3,000 year-old Egyptian figurine sensationally unearthed in former SS hospital
In a stunning discovery, a three-thousand-year-old ancient Egyptian figurine of the god Osiris has been unearthed in a former Nazi SS hospital in the Lublin province.
The figurine is part of a long-lost collection of antiquities that has been the subject of a search by specialists for decades.
In the village of Kluczkowice about 30 km west of Lublin, researchers found two figurines depicting Osiris, the Egyptian god of death. The researchers also discovered a bust of Bacchus, who, according to Roman mythology, was the god of wine.
Finding ancient Egyptian and Roman antiquities in Poland is highly unusual. Therefore, after the discovery last year, the objects needed to be thoroughly analysed.
“Such an unprecedented find in our area raised doubts about the authenticity of the relics," the Lublin voivodeship heritage protection office reported.
A few days ago the heritage protection specialists were finally able to announce the discovery as genuine.
“Thanks to cooperation with the National Museum in Lublin and scientists from the Department of Archaeology at Warsaw University, it was possible to confirm that we are dealing with original objects from ancient Egypt and ancient Rome,” they reported.
In May last year, local treasure hunter Krzysztof Kozłowski led an exploration in the grounds of the palace in Kluczkowice with the permission of the heritage protection office when he discovered a bronze figurine.
After immediately alerting heritage protection authorities, Dr Łukasz Miechowicz of the Polish Academy of Sciences went to the site to search the area.
"Suddenly, 10 meters away from the first figurine of Osiris, we came across another one," he said. “It is sensationally well preserved.”
The specialists dated the figure of Osiris to the 1st millennium BC and the bust of Bacchus to the 1st century AD.
Meanwhile, Dr. Lukasz Miechowicz of the Institute of Archaeology and Ethnology of the Polish Academy of Sciences in Warsaw was able to confirm that the relics were part of a collection of antiquities that were kept in the palace in Kluczkowice until World War II by its then residents, the Kleniewski family.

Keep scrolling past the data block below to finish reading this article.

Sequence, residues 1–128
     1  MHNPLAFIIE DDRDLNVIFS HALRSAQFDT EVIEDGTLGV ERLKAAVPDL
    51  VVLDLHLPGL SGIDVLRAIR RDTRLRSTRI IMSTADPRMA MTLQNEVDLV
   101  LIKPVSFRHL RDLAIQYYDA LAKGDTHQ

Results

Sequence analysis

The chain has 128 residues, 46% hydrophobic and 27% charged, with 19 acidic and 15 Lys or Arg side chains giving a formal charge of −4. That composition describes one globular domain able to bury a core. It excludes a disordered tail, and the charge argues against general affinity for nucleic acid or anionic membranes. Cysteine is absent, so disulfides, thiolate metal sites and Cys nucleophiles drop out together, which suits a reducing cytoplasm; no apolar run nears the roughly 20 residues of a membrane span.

Dr. Miechowicz believes that the figures were purchased by Maria Kleniewska when she travelled to Egypt in 1904 with her four daughters and brought back to Poland as artefacts that she intended to display in a chamber of antiquities.
They stayed in Helaun, which in the interwar period was popular with affluent Poles. In 1932, Marshal Józef Piłsudski stayed there for treatment.
“She writes about it in her memoirs, which have been published. Her health declined, and it was a fashionable resort among wealthier families at the time. She also travelled a bit and did some sightseeing, from Alexandria to Cairo,” Dr. Miechowicz added.
The bust of Bacchus was most likely a fragment of a Roman tripod, a similar example of which was discovered in the 18th century near Vesuvius in Italy, and is now in the collection of the British Museum in London.
The Kleniewski family lived in the palace in Kluczkowice until 1942 when their property was confiscated by the occupying Germans and handed over to the SS. The family then left for Warsaw, taking with them only personal belongings.
In the same year, the palace became a place of convalescence for German soldiers who had been injured at the front. After the war, the palace was thoroughly looted and the collection of antiquities has been lost ever since.
Historians now believe the family members hurriedly hid some of the precious items in the grounds before leaving the palace.
Dr. Miechowicz said that he had been looking for traces of this collection for years.
“Capturing traces of a valuable collection that was lost years ago is of great importance for science, cultural heritage, and tourism,” he
The ancient figurines will be donated to the National Museum in Lublin after further analysis.